The reports have generated some acknowledgement from various levels of government, which resulted in media attention and face-to-face meetings with members of government. The goal of the CIHTF is to promote the need for high quality EHDI programmes across Canada, so that no matter where an infant is born in the country, he/she will have access to appropriate hearing healthcare as early as possible. This will mitigate the cost to the child, family and society by identifying and providing intervention during the critical period of optimal language development. It is imperative that this action be taken worldwide so that all babies born with hearing loss have the best opportunity to develop language and to maximise opportunities for successful cognitive, communicative and social development.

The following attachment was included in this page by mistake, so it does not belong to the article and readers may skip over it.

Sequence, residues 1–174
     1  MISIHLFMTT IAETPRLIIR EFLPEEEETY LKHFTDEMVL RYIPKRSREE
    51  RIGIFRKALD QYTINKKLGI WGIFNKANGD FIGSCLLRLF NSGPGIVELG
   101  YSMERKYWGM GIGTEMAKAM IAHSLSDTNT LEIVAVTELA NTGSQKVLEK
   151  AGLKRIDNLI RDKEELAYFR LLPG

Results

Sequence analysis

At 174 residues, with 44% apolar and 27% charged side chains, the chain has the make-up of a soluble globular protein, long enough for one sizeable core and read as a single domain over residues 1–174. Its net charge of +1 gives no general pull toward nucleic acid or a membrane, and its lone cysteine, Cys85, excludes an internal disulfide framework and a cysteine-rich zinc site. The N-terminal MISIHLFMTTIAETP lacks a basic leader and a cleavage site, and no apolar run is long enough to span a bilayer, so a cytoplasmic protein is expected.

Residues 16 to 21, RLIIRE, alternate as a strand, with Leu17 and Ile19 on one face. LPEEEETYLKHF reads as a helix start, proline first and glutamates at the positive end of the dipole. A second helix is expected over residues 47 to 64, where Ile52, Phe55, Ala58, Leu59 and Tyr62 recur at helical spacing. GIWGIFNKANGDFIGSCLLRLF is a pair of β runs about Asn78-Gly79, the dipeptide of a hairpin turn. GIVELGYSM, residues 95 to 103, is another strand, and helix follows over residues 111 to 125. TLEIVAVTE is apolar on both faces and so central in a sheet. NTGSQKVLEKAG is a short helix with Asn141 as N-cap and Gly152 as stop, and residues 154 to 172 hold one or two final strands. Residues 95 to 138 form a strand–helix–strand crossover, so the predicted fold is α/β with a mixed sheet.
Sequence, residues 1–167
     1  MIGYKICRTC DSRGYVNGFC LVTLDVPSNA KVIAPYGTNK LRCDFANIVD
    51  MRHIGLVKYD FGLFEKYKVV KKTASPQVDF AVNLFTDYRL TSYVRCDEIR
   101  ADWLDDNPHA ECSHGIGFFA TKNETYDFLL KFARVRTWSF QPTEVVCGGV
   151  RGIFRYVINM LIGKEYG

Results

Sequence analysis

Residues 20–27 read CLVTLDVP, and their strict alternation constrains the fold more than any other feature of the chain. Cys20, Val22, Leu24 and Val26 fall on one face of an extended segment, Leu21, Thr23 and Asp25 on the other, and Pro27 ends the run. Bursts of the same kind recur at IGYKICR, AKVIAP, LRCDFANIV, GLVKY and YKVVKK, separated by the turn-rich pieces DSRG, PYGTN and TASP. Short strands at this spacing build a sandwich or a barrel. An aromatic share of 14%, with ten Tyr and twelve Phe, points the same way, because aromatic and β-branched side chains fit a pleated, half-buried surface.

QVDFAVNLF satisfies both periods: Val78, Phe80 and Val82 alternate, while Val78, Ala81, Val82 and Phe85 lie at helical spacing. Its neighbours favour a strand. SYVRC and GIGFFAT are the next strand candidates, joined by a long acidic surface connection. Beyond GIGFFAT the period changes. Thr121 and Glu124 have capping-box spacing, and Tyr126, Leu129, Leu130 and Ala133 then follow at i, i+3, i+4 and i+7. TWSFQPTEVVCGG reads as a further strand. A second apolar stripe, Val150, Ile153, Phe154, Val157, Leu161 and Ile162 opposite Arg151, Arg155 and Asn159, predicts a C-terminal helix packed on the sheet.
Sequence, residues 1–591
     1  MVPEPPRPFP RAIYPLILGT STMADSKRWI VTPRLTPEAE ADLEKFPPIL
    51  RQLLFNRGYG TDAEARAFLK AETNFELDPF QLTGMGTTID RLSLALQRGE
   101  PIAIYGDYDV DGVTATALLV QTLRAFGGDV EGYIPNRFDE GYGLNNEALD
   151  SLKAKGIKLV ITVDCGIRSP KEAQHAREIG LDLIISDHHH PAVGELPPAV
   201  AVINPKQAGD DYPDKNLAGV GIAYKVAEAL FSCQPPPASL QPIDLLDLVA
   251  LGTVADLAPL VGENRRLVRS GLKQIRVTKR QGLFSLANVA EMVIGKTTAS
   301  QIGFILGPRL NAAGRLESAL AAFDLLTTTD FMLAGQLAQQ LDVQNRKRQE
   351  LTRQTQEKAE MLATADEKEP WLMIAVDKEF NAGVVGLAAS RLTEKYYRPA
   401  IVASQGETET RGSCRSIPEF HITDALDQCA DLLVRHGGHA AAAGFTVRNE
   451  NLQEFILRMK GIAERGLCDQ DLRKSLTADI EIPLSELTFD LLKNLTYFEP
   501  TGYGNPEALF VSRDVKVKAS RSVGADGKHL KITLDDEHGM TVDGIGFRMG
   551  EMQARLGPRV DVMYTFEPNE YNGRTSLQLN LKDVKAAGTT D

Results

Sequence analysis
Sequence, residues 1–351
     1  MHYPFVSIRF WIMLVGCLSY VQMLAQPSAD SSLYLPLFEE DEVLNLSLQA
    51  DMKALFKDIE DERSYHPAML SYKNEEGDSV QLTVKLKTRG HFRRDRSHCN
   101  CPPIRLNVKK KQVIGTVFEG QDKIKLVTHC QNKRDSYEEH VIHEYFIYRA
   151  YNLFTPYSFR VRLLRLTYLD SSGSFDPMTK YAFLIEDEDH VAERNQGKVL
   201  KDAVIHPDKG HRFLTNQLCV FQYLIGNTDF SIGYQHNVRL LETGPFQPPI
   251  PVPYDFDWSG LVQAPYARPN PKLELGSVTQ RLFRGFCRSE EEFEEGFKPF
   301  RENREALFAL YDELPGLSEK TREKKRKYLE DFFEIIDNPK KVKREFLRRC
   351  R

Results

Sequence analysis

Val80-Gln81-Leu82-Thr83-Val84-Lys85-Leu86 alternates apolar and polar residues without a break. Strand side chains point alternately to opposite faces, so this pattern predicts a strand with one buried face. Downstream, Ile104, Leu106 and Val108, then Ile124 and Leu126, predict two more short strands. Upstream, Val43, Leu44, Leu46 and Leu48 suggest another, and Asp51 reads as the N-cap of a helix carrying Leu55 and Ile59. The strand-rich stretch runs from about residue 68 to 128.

1. Tomblin JB, Walker E, McCreery R, et al. Outcomes of children with hearing loss: Data collection and methods. Ear & Hearing 2015;36:14S-23S.
2. Joint Committee on Infant Hearing. Year 2007 Position Statement: Principles and Guidelines for Early Hearing Detection and Intervention Programs. Pediatrics 2007;120(4):898-921.
3. American Academy of Audiology. American Academy of Audiology Clinical Practice Guidelines on Pediatric Amplification. 2013; Available from
4. Bagatto M, Moodie S, Brown C, et al. Prescribing and verifying hearing aids applying the American Academy of Audiology Pediatric Amplification Guideline: Protocols and outcomes from the Ontario Infant Hearing Program. Journal of the American Academy of Audiology 2016;27(3):188-203.
5. Moodie S, Network of Pediatric Audiologists of Canada, Scollie S, Bagatto M, Keene K. Fit-to-Targets for the Desired Sensation Level Version 5.0a hearing aid prescription method for children. American Journal of Audiology 2017;25:1-8.


Declaration of Competing Interests: None declared.

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Marlene Bagatto

Adjunct Professor, National Centre for Audiology, Western University, London, Canada.

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Steve Aiken

PhD, Canadian Infant Hearing Task Force, Associate Professor, Audiology, Surgery and Psychology and Neuroscience, Dalhousie University, Halifax, Canada.